A friend of mine recently burned his way through the Insanity Workout, a 60 day incredibly intense cardio workout that you do at home, and came out the other end lean and ripped. He loved it! He lost about twenty five pounds, and now he's moving onto Tony Horton's P90X. He loved it so much that he impressed his dad, who has since expressed an interest in doing the same thing. So my buddy came to me, and asked if it would be alright for his dad to do the workout. His dad is in his fifties, and my friend was worried that his dad would hurt himself. So I gave him all the advice I could, and then realized that it would make a good article for all those folks who are itching to do something extreme but aren't sure if their bodies can take it. Can seniors do the Insanity Workout, or are they better off with something lighter?
The answer to this question revolves around a basic premise that is false: that we have to do the Insanity Workout at the same level of intensity that Shaun T, the instructor, is performing it at. People see how hard and how intensely Shaun T is working out at, how hard his backup workout trainees are going, and they think they think they have to perform at the same level, that if they're not matching them push up for push up, they're not doing the workout right.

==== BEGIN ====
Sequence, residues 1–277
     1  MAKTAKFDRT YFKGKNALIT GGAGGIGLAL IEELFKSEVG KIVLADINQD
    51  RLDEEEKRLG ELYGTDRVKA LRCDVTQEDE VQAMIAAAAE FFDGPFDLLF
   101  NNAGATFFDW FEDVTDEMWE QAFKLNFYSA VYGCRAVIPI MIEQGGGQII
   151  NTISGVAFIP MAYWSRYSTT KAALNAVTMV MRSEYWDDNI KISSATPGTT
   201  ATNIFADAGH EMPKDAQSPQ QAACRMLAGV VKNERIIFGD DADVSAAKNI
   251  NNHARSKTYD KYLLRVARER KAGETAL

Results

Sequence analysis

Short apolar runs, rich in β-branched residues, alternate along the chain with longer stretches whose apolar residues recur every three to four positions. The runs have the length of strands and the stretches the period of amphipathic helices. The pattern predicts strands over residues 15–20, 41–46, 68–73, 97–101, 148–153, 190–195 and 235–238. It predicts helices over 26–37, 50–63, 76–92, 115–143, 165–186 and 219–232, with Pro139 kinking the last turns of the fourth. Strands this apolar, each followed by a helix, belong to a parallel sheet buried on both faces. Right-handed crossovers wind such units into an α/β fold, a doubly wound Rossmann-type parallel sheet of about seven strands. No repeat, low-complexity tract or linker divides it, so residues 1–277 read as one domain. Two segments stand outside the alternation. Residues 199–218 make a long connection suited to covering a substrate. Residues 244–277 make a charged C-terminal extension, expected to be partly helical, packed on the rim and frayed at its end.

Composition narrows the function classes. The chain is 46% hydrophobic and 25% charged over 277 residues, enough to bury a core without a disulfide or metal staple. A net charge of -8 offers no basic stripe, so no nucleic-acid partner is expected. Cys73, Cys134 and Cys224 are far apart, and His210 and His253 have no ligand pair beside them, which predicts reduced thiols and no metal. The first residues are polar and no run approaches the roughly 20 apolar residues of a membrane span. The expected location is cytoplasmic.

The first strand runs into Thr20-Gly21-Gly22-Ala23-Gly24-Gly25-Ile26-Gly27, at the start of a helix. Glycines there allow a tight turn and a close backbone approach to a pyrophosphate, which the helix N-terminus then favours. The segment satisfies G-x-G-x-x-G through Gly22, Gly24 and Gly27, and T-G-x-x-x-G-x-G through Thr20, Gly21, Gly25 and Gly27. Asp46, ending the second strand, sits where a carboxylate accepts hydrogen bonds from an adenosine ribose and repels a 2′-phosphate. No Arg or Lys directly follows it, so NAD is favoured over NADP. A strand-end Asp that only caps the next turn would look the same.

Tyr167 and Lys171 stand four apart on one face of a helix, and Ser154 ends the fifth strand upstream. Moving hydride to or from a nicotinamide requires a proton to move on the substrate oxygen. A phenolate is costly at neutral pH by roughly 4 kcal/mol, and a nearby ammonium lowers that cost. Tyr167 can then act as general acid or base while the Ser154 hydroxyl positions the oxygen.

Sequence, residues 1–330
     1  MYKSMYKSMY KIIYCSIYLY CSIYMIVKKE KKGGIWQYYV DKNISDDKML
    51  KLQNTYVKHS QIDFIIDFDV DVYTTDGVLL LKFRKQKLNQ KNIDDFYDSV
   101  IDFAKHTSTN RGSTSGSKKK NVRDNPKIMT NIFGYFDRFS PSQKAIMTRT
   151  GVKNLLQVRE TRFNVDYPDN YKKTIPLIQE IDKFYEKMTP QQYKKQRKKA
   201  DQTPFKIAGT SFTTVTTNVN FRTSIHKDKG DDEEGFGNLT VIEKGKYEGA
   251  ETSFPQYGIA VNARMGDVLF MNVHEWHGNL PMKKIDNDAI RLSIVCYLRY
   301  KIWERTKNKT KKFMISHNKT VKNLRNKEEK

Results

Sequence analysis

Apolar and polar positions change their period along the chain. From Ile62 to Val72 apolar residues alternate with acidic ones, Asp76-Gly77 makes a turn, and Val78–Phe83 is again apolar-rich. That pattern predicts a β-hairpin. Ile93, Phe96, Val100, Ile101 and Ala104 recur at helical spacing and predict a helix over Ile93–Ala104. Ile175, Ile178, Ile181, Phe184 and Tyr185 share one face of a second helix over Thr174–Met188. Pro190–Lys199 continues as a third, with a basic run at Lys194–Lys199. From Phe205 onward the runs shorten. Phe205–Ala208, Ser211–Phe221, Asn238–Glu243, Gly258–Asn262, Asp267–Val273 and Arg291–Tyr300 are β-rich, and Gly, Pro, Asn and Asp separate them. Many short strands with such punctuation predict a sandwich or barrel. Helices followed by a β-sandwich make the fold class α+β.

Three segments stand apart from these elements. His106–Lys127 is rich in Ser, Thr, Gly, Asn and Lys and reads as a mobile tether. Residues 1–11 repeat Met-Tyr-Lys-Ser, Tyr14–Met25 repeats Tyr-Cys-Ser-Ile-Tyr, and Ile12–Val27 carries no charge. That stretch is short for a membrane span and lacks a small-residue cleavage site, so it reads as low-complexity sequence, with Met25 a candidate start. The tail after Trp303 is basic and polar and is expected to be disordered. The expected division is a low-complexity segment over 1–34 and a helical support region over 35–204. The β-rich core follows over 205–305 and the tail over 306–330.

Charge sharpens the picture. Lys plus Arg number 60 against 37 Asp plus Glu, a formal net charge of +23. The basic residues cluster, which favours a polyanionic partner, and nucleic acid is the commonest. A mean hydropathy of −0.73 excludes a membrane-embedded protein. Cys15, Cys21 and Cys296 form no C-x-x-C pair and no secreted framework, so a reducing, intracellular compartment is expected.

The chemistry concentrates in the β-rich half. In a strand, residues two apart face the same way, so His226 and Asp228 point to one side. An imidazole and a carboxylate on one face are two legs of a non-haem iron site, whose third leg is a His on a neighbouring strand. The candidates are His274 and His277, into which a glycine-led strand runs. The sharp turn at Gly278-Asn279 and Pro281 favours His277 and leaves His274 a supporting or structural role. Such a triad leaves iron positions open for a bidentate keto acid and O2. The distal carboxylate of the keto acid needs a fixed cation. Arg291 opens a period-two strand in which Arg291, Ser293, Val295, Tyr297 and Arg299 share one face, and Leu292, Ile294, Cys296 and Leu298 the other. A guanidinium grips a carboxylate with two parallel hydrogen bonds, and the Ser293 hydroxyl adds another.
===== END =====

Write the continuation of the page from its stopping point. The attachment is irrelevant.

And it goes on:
False. Shaun T himself says over and over again that we should stop whenever our form begins to slide. Every break he tells us to check our heart rates and make sure we're doing alright. He constantly tells us to stop if we're struggling, and there is the key to doing the workout right. We're not supposed to match him jumping jack for jumping jack, there is no absolutely necessary way to do the workout.
Regardless, anybody can do this work out if they check their pride at the door and listen carefully to their bodies, going at the pace that is right for them.